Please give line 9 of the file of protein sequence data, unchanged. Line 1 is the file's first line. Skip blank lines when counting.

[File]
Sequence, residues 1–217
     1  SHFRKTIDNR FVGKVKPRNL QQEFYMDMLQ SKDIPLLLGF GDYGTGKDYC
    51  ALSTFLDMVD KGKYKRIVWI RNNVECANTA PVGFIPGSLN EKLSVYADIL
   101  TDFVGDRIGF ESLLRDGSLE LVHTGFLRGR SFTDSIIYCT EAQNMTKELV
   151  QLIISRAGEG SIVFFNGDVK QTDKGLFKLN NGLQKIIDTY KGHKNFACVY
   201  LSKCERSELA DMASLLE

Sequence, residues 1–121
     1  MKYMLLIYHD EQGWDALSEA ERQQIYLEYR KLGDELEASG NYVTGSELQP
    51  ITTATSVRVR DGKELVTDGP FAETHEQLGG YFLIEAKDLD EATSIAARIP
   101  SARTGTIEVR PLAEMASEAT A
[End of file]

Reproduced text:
    51  ITTATSVRVR DGKELVTDGP FAETHEQLGG YFLIEAKDLD EATSIAARIP